RELATION BETWEEN SOCIOLOGY AND ETHICS 685
Among the remarks put forth here, there is one which I regard as a most important one. It is the question of ethics as a science. It came from the chairman in this form : " Is ethics philosophy or science ? " It was emphasized in Dr. Westermarck's remarks. He would conceive ethics only as a depart- ment of sociology. I have not in my paper given my whole conception of ethical principles, or a scientific foundation for them. We have no one ethical system to which we can refer and say: "This is true ethics," or, " Those acts are not ethical." We have no science of ethics in the same sense as we have a science of mathematics or physics. There are still discussions going on as to how we come to the first principles in ethics. Dr. Westermarck said that all science is about facts, about something which exists and which we try to describe and explain ; but I cannot see that there should be anything unscientific in an essay to develop the sequences of certain ideals, or aims, or motives, when these ideals, or aims, or motives are psychological and historical realities. That there are different ideals and aims at work is a difficulty, not only for my view, but also for Dr. Westermarck's. I should think that Dr. Westermarck would find himself in some difficulty if he says : " This is a moral consciousness." There are many moral consciousnesses at different and at the same time. In our own time there are very different and opposing moral consciousnesses. We have an example in the differences between Tolstoi and his antagonists. Can a sociologist take one single form, one special determined form, and say that this is the true moral consciousness? Here the problem conies again. It is not to be put aside, and on this point there will always be a certain independence for ethics.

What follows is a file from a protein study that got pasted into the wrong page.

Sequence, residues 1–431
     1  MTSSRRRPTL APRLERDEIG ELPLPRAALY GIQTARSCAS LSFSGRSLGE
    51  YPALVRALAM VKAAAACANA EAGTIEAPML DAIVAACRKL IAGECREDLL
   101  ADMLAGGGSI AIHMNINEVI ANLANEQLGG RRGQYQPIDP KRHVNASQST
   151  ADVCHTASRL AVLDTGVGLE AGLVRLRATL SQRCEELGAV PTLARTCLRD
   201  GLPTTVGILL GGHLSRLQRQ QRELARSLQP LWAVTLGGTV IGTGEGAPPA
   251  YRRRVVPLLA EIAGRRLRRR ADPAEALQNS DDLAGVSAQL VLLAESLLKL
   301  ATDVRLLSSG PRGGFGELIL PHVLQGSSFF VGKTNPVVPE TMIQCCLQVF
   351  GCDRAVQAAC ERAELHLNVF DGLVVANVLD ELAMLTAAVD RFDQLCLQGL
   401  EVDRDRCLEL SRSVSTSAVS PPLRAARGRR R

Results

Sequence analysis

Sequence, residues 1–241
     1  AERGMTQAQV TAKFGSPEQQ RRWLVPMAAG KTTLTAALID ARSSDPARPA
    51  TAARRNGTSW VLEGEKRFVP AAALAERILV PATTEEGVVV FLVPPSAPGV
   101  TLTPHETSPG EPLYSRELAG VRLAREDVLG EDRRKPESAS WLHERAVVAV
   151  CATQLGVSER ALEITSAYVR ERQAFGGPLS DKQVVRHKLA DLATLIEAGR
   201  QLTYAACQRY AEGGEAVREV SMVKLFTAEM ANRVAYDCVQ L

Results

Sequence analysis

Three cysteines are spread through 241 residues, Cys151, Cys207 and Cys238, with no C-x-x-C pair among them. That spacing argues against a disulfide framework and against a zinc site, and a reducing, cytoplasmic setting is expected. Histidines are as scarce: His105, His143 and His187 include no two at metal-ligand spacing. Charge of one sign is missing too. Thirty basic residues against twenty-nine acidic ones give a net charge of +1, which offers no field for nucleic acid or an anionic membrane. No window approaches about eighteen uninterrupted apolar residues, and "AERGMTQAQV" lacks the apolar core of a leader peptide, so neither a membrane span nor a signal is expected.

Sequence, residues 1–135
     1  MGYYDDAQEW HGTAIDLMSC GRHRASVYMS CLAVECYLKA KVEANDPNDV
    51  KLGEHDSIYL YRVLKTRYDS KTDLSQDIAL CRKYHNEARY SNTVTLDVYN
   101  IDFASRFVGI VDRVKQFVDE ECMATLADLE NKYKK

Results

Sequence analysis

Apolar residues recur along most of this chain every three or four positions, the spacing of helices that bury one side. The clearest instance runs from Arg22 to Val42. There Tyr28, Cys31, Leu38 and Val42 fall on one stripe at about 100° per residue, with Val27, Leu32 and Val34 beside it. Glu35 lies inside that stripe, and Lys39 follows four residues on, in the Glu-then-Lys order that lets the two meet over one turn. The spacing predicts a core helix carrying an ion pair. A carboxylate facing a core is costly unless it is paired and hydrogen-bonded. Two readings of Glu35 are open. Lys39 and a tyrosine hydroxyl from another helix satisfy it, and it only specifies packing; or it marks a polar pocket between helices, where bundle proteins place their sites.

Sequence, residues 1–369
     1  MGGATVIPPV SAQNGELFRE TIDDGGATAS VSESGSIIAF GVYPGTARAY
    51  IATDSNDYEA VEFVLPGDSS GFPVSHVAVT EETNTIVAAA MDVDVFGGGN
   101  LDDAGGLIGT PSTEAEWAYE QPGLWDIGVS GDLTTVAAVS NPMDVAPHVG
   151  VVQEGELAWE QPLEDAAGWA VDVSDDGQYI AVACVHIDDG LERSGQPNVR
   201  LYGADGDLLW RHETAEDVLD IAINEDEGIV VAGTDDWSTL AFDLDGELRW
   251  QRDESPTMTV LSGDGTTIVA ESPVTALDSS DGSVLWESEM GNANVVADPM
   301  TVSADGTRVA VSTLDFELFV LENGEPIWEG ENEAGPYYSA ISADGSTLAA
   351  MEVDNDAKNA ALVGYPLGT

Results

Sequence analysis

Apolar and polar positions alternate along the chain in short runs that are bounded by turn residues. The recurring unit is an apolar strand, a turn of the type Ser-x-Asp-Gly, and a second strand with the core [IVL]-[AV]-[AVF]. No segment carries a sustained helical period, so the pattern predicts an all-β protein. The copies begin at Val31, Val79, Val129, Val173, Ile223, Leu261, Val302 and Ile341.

One of the speakers raised a question about teleology, which, so far as I understood it, was this : How can we say that the ideological point of view has another importance in ethics than in sociology? I touched on the point in my paper, because it is a way of casting light on the relation between soci- ology and ethics. Sociology is a science which only describes and explains facts. It ought, therefore, to follow the same methods as natural science, and sociology, as such, cannot know anything about aims, and ends, and ideals. If a sociologist makes use of an end, or an aim, he does so only methodologically. If the biologist supposes that there are certain aims which an organism shall serve, that is a method for scientific study; but biology cannot tell us why organisms are in the world. In ethics we begin with aims and ends as psy- chological realities. There are aims after which we are striving; and if in their pursuit we attain a certain knowledge of means and ways, we cannot, without contradicting ourselves, abstain from following the rules of action in doing, thinking, and feeling, which are consequences of this knowledge. Socrates, the founder of ethics, applied this method.